Boeing’s First KC-46A Tanker Delivery Likely Delayed To Late 2018, Air Force Says

Boeing’s [BA] delivery of the first KC-46A Pegasus tanker to the U.S. Air Force has been pushed back again, as the company continues to experience delays in completing flight tests and obtaining airworthiness certifications, the service said late March 6.

The U.S. Air Force, which had previously expected to receive the first KC-46A in late spring (Defense Daily, June 8, 2017), now projects that the milestone is likely to occur late this year. The new estimate is based on a “schedule risk assessment” that the Air Force recently conducted with Boeing. 

A KC-46A tanker is refueled by a second KC-46 for the first time, as seen from the tanker’s air refueling operator station. (Boeing photo)

A KC-46A tanker is refueled by a second KC-46 for the first time, as seen from the tanker’s air refueling operator station. (Boeing photo)

Richard Aboulafia, vice president of analysis at the Teal Group, told Defense Daily that the new date is “not a big deal” if it holds. “But looking at history, nobody would bet against additional delays,” he added.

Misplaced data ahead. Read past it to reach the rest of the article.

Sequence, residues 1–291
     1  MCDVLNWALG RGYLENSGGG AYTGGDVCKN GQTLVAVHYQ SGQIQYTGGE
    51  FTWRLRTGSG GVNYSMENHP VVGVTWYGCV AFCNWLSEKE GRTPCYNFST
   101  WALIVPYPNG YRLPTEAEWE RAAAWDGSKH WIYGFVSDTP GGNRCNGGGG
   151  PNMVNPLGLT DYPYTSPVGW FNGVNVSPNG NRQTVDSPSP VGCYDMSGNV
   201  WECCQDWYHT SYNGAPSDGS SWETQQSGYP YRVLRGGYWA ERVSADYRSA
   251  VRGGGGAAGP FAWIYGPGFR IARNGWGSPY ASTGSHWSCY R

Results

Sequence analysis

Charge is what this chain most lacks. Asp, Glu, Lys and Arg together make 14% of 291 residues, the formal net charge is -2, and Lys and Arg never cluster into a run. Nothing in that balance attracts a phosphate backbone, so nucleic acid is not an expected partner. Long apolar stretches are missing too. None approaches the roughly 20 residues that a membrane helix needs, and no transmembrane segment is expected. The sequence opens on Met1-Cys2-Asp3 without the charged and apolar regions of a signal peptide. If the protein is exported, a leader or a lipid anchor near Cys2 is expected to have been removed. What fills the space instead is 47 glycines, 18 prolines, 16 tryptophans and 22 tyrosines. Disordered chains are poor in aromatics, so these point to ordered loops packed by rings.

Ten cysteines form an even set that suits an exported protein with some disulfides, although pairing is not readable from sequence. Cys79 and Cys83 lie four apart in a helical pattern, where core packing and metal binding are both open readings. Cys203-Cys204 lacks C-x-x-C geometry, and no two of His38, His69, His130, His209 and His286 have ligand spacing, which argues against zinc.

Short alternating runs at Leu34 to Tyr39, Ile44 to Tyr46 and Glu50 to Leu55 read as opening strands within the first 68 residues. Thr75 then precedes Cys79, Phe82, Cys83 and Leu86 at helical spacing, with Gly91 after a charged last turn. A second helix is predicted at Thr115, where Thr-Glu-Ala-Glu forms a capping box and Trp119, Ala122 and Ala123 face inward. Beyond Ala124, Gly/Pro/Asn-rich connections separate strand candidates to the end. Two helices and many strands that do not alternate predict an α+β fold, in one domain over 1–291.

The Air Force announcement represents the latest in a series of delays for the refueling aircraft program. Boeing was originally expected to deliver the first plane in early 2016 and the first 18 by August 2017.

Boeing said in a statement that it is working with the Air Force to deliver the first 18 jets “as quickly as possible.”

Under its contract with Boeing, the Air Force considers the company responsible for added costs caused by the delays.

“These potential delays will not result in additional cost to the taxpayer,” the service said.

The Air Force also said it “will continue to work with Boeing to develop schedule mitigations, where appropriate, to expedite the program.”

The KC-46A received the first of two airworthiness certifications from the Federal Aviation Administration (FAA) late last year (Defense Daily, Dec. 21, 2017). The amended type certificate verifies that the modified 767 jetliner, without its aerial refueling system installed, is safe and reliable.

The KC-46A still needs to obtain a supplemental type certificate, which would approve the military systems that make the aircraft a tanker.





More Stories You Might Like